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Change default value of RemoveIPC in logind.conf #2039
We received bug reports that default of
Well, it's configurable, because it can break stuff.
But I am pretty sure the usecase you describe is borked... The cleanup stuff already excludes system users, i.e. all daemon users. As it appears the customer created a non-system account for this stuff, and that's what should be fixed.
Sorry, but this is nothing to fix upstream... Please ask the customer to disable RemoveIPC= locally, or fix his users to become proper system users.
referenced this issue
Jan 13, 2016
Overall this seems like a helpful change. From a sysadmin PoV I'd really like to know more about what the behaviour is expected to be though.
What does systemd consider a "system user" for this purpose? The thread there discusses a hardcoded uid, but reached no clear conclusion. There's no "system user" flag in the traditional password database. Are you using a uid threshold from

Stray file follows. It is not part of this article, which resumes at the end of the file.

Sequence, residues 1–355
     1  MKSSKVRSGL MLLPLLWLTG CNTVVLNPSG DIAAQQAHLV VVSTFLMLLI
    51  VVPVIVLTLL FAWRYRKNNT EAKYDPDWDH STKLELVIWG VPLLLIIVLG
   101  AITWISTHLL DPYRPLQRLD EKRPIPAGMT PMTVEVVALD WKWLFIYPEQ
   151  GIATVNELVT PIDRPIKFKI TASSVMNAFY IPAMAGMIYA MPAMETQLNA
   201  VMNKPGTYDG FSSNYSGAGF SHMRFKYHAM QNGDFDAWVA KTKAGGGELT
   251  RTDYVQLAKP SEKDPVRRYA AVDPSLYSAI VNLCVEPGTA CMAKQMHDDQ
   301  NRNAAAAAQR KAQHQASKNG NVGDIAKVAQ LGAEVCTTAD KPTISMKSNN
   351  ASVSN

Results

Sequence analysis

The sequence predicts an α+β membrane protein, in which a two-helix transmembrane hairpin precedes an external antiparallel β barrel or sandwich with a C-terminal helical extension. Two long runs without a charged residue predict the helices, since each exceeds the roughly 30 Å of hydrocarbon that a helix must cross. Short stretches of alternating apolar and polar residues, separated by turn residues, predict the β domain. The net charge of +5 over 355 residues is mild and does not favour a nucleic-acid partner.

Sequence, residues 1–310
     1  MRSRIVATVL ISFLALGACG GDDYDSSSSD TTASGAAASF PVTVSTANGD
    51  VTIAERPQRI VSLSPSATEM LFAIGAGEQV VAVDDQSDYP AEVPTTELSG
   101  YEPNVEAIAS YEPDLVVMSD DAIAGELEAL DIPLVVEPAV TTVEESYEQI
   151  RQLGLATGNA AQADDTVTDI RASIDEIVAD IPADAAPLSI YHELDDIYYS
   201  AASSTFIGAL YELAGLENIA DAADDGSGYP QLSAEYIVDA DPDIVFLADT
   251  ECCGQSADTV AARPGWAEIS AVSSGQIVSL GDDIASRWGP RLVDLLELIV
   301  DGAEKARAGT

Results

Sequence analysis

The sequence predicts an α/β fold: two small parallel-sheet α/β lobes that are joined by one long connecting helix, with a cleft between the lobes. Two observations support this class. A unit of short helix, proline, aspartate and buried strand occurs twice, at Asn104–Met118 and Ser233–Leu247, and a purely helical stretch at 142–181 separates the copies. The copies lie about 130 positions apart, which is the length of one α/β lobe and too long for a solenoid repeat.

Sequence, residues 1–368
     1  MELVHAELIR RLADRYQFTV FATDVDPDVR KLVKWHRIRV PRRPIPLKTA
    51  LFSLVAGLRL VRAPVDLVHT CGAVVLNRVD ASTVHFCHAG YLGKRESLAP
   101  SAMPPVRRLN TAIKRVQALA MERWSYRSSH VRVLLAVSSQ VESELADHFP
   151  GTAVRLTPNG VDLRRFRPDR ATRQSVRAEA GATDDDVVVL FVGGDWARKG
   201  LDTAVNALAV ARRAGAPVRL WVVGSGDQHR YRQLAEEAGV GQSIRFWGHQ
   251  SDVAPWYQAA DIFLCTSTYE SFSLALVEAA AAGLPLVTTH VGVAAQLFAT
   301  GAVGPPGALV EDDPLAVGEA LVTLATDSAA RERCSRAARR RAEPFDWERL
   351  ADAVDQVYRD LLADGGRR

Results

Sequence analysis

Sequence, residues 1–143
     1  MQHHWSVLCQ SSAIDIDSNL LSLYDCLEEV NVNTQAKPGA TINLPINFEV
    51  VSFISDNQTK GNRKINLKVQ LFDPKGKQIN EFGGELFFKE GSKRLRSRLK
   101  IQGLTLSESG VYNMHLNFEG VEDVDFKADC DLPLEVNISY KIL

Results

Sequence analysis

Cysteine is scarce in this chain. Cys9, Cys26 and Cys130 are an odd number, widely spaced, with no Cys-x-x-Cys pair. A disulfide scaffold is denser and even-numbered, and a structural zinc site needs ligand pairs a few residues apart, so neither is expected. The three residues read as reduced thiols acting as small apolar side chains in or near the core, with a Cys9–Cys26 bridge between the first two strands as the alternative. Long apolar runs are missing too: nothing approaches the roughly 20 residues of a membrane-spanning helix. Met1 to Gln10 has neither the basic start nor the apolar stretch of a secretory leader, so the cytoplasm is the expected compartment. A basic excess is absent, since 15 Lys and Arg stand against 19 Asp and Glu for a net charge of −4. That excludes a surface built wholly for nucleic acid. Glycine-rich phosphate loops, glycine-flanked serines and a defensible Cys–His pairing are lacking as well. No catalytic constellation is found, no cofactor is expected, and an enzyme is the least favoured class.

Where's the system user specific part of this behaviour documented? I found a note in
but it doesn't describe the system uesr behaviour. Similarly, in
it mentions system users, but doesn't define what systemd considers to be a "system user", how to make a user a system user, what consequences or other behaviour differences are experienced by system users, etc.
Is the system-user-ness of a user tied to
Is there any wrapper command that allows a user to spawn a daemon that survives their session for where legacy behaviour is needed? Or a systemd API a wrapper (or something like
For sites that manage deployed service users via LDAP, etc, is there any way they can safely create "system users" in their directory that won't suffer from uid collisions vs local users?
This is useful enough that I don't think most sites will want to just turn it off, but they're going to have to unless there's enough information to actually use it correctly.
The default of this option should be off.
It has cost me literally many days to track down PostgreSQL instability to this (a collegue found this).
Your arrogance is breathtaking.
For others coming along, Oracle Linux has configured away this misfeature by default: https://docs.oracle.com/cd/E52668_01/E67200/html/section-t51_kcn_f5.html
They call it a feature "intended for laptops";)
What about situations such as ...
I think systemd should check whether the user has any processes running, not just whether they have any active login sessions.